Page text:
Must we implement all the methods in a class that implements an interface in Java?

Yes, it is mandatory to implement all the methods in a class that implements an interface until and unless that class is declared as an abstract class.

There are only two choices −

  • Implement every method defined by the interface.
  • Declare the class as an abstract class, as a result, forces you to subclass the class (and implement the missing methods) before you can create any objects.

The only case the class do not need to implement all methods in the interface is when any class in its inheritance tree has already provided concrete (i.e. non-abstract) method implementations then the subclass is under no obligation to re-implement those methods. The subclass may not implement the interface at all and just method signature is matched.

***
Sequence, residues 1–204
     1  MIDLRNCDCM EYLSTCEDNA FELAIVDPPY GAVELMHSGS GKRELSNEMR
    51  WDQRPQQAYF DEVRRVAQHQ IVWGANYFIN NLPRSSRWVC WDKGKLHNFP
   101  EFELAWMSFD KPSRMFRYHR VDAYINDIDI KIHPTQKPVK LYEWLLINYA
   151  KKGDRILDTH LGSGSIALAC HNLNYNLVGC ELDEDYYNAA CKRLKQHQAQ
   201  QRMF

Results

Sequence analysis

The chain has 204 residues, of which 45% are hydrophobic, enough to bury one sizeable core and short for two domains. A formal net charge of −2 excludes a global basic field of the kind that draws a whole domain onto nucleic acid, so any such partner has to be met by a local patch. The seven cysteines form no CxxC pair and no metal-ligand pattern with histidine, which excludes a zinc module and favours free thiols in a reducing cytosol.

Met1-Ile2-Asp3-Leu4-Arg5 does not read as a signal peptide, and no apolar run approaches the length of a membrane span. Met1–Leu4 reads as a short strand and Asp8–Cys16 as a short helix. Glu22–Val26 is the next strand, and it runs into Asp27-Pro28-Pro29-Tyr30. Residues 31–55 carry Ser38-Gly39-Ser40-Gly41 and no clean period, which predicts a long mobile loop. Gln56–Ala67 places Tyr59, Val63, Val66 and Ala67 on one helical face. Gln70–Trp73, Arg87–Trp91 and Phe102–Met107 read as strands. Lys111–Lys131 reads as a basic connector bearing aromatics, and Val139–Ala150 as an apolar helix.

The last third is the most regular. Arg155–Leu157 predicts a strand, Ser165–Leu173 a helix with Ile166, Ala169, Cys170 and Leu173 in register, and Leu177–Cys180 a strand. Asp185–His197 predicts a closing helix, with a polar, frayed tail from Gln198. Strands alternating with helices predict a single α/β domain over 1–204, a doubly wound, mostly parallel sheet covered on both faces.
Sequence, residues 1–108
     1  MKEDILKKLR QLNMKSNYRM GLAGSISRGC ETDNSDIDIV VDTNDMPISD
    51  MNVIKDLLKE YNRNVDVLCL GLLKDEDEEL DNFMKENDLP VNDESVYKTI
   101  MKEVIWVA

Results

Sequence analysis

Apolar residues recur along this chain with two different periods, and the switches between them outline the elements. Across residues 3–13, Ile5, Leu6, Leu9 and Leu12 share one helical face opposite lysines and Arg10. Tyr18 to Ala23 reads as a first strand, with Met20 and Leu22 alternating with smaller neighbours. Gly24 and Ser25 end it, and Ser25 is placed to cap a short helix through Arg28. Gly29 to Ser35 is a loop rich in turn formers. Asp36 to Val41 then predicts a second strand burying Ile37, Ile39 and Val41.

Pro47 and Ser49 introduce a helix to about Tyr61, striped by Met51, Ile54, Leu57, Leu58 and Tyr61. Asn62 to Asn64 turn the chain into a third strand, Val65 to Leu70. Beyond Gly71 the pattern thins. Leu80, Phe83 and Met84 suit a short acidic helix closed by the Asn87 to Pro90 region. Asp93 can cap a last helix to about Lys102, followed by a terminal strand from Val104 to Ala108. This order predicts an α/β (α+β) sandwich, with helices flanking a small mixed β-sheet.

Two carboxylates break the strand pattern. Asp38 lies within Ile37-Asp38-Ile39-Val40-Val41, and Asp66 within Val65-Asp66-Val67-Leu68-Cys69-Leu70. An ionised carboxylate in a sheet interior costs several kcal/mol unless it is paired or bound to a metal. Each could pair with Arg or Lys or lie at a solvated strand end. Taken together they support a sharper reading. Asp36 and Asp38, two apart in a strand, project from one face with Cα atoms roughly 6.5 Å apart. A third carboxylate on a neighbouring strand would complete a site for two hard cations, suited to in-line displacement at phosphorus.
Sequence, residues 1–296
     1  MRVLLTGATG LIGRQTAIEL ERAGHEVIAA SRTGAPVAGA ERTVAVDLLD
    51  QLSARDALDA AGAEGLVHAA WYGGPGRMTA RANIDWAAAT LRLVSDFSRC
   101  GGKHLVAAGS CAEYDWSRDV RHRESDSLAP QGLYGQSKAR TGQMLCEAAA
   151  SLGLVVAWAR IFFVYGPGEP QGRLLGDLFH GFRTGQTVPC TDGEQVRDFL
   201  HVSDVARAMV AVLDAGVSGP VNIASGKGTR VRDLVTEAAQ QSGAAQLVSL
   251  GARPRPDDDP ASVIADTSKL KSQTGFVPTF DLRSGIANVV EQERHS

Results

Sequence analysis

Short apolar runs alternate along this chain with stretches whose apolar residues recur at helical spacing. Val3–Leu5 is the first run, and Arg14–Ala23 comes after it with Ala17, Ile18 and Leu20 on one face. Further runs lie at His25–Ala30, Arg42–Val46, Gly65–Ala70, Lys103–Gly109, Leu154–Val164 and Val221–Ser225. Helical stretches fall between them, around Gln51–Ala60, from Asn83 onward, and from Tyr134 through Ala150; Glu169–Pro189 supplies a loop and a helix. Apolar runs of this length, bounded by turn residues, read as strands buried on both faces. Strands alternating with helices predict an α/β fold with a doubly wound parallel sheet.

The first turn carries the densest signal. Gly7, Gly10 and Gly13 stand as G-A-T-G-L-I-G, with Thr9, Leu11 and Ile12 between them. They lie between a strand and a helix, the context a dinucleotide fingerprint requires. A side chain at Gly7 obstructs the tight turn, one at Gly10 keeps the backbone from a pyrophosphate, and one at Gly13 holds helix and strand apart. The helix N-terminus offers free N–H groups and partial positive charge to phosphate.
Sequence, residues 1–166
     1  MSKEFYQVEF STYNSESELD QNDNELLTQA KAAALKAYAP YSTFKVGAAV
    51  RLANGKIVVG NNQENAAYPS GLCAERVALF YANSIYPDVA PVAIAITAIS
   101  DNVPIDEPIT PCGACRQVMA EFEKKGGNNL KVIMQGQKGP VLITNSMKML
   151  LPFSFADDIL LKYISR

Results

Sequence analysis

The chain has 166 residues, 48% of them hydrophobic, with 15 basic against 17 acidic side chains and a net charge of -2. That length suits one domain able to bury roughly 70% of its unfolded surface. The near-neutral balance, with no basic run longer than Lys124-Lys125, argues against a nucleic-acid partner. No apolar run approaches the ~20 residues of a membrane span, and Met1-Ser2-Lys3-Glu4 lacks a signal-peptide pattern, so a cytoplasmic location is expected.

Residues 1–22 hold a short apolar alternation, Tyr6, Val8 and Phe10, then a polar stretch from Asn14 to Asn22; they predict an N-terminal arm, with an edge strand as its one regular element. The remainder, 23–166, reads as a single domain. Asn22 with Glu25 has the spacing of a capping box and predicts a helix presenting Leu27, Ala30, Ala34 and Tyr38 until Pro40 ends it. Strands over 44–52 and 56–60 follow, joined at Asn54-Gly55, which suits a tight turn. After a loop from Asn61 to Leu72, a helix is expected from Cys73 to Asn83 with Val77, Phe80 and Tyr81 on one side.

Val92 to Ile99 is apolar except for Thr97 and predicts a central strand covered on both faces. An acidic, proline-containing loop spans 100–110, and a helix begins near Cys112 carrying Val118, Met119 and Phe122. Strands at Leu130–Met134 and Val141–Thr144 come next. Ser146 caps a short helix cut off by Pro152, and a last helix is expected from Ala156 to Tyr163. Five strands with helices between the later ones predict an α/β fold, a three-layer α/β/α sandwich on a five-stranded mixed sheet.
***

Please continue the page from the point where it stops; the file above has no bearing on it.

interface MyInterface {
   void m() throws NullPointerException;
class SuperClass {
   // SuperClass class doesn't implements MyInterface interface
   public void m() {
      System.out.println("Inside SuperClass m()");
class SubClass extends SuperClass implements MyInterface {
public class Program {
   public static void main(String args[]) {
      SubClass s = new SubClass();


Inside SuperClass m()

The above code shows a concrete class SubClass that declares that it implements an interface MyInterface, but doesn't implement the m() method of the interface. The code is legal because it's parent class SuperClass implements a method called m() with the same name as the method in the interface.

Updated on: 30-Jul-2019

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